By Way of Japan: An Interview with New Jersey-Based Singer-Songwriter Kate Sikora
by David Chiu
It is not often that you hear about a singer-songwriter from New Jersey who teaches at a school in Japan. But that’s what characterizes the unique life story of emerging artist Kate Sikora of Boonton, New Jersey so far. One of the highlights from her time in the Land of the Rising Sun happened in 2009 playing the Rookie-A-Go-Go stage at Fuji Rock.
“I didn’t know at the time, but I was the first foreigner to play that particular stage,” she says. “It’s pretty easy to be oblivious of where I stand in the music industry over there because I am, essentially, illiterate in Japanese.”
This young performer has recorded two records so far, Grace in Rotation, which was released in 2005, and her recent six-song EP Aparto. Her experiences in Japan plays a role in her music, which draws on various styles and moods—from stripped-down folk to garagey rock–but has in common a melodic indie pop undercurrent. “I’m inspired by the people, sights, sounds, and smells there,” she says. “I’m still discovering it. Being far from familiarity and nostalgia are themes that come up a lot in my more recent songs.”
As she tells it, Sikora hails from a musical family and would listen to the music of her dad such as the Stones and the Doors. “Later on, my older brother would have band practices in our basement and the guys would leave their instruments at our house,” she recalls. “I used to sneak down and play their instruments when they weren’t around. My musical tastes were very much shaped by early 90’s alternative bands like The Breeders, Liz Phair, Hole, Helium, Nirvana, Mazzy Star.”
At age 12, Sikora got an acoustic guitar; four years later she performed at a local café and was the singer of a progressive rock band. She admitted to being a shy performer at the time. “At first, I was really awkward on stage but, eventually, sharing the stage with others helped me to get over my shyness. I’ve always joked about wanting “to be a rock star” but I think of myself more as a songwriter. I’ve had some pretty great performance and recording experiences which keep building up my confidence to do more.”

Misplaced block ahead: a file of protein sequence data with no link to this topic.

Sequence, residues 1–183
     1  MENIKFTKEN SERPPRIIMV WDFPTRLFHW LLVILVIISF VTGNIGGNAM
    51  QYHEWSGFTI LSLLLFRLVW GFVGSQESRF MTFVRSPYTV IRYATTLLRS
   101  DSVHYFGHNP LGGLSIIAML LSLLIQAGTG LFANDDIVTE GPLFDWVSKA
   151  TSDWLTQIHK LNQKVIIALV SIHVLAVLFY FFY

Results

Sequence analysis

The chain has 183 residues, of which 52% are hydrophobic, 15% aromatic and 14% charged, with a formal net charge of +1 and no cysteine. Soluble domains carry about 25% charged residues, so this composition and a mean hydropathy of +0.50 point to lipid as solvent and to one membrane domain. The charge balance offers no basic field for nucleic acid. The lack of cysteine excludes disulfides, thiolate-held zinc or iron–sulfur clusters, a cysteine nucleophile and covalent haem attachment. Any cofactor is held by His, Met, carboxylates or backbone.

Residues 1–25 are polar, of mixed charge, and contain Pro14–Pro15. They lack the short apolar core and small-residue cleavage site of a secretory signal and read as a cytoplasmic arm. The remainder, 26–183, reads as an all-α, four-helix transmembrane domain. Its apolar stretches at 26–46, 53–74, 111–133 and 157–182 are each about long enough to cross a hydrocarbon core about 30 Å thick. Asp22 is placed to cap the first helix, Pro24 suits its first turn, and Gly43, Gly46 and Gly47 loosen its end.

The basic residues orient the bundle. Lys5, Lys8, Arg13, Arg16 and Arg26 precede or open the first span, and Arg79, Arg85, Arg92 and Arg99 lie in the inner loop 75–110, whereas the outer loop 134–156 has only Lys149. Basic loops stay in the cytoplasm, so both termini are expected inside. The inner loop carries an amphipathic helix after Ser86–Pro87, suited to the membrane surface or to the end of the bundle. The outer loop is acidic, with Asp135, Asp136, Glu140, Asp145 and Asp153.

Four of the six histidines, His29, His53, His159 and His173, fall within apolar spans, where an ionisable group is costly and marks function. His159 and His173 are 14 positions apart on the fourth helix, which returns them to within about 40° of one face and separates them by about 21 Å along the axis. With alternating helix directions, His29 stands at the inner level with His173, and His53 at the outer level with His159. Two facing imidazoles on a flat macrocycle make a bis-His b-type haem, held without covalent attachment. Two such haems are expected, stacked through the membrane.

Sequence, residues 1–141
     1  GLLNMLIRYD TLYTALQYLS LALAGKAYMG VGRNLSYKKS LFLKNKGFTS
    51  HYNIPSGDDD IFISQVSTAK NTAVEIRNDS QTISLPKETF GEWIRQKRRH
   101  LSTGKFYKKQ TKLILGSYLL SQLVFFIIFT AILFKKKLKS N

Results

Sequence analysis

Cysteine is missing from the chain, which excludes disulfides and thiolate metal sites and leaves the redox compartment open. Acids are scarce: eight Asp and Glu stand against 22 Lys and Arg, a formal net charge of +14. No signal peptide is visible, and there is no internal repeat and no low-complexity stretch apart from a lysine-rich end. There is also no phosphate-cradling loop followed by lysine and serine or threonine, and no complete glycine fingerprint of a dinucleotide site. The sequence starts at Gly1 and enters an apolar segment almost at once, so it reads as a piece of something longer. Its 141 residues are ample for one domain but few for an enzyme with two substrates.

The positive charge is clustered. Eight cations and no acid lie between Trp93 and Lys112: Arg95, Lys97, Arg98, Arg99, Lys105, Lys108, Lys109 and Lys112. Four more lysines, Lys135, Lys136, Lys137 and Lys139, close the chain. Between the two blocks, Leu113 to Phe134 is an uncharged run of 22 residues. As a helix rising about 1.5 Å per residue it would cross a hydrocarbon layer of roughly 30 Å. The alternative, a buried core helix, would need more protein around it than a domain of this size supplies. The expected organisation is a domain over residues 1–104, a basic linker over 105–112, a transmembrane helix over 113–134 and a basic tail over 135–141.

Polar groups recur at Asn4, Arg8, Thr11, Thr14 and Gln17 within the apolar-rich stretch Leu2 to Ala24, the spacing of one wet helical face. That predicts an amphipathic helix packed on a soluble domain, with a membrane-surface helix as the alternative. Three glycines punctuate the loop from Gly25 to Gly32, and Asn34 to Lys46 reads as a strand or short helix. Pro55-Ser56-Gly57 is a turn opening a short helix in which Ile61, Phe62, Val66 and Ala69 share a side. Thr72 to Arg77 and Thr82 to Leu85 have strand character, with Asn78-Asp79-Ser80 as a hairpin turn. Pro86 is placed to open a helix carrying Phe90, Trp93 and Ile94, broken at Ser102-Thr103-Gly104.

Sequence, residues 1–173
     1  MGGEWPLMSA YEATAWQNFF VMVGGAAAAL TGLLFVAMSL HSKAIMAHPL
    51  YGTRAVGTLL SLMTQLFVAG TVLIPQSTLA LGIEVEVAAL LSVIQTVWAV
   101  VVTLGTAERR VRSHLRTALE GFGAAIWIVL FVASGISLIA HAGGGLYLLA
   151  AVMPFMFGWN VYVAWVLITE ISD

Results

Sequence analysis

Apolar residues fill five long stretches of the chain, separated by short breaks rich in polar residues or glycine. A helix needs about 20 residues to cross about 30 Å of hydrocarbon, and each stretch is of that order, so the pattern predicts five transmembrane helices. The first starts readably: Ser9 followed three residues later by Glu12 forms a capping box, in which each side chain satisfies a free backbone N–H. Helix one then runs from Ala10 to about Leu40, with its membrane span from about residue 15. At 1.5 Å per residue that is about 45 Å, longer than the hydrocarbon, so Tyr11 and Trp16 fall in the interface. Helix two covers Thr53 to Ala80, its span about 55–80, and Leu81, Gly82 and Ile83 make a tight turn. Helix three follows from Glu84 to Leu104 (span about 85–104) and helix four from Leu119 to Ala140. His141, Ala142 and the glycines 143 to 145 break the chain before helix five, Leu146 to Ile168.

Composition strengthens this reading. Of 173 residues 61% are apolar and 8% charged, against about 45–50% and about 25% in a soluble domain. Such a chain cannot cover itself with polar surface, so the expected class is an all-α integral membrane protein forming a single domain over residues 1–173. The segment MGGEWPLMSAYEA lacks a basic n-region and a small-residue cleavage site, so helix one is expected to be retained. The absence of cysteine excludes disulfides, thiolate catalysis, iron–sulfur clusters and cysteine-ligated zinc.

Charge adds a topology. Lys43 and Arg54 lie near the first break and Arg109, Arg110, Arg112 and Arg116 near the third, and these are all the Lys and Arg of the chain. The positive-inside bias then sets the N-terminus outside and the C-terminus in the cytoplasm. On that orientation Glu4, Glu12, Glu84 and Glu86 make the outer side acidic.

During a point in her life when she was trying to find some direction, a friend of hers, who had returned from the school where he taught, told Sikora about his experiences there. It piqued her interest. That same friend of Sikora later got her a job at the school and thus began her Japan adventure.
“Before I left for Japan,” she says, “a really great Japanese indie band, Apartment, found me on MySpace and invited me to play a show with them in Tokyo. That show really set things in motion for me as it introduced me to a few great musicians and friends who have introduced me to other wonderful musicians, friends, labels, venues, etc. I’ve been really lucky although my first year was pretty tough trying to balance the job with performing shows. The year flew by and I went home. I realized there was so much more that I wanted to do in Japan so I went back.”
Her ties to Japan remain strong after the four years she’s spent there—Sikora is going back to Japan in the fall. Apparently the Japanese hold Western performers in very high regard—just look at Cheap Trick for example. “There are a lot of western artists touring in Japan and the astronomical ticket prices don’t seem to sway Japanese fans,” says Sikora. “Being an American living in Japan has definitely sparked more interest in my music but I haven’t quite reached Budokan status yet, ha ha!”
In addition to her own music, Sikora is also part of an act called The Loyal We with Lindsay Leuders, an old friends of hers. Together they are working on the next Loyal We album. “Lindsay mostly writes on piano and her songs are very ballad-like and metaphoric,” says Sikora. “My songs are usually written on guitar, so they tend to be more rhythmic and upbeat. For our next venture, we’ve talked about writing the songs together. I’ve never really co-written a song before so I’m looking forward to the challenge. Lately, I’ve been playing drums and percussion on some of Lindsay’s songs. It’s opening a whole other world for me.”
This past December, Sikora had the opportunity to open for Liz Phair’s show at Maxwell’s. “Opening for Liz Phair was a dream come true! I’ve always liked her honest deadpan lyrics and signature guitar playing. She was a big reason why I picked up the guitar in the first place.
“On the day of the show I was determined to play it cool and not embarrass myself in front of her. It turned out that she is really sweet in person so I didn’t have to worry so much. She came right up to me and thanked me for opening the show (and even signed my cassette tape copy of Whipsmart— I know, I’m a dork! ).”
With Japan and new musical projects on the horizon, Sikora says that she would like to get into music licensing. She adds: “I’ve been moving around quite a bit so it’s been hard to build a regular fan base in one area. I’m working on building a larger internet fan base and, hopefully, I’ll get to do more touring. Mostly, I hope to keep the ideas flowing and write good songs.”
Kate Sikora will be playing at Tierney’s Tavern in Montclair, New Jersey on Saturday Jan. 22. For information , visit http://katesikora.com/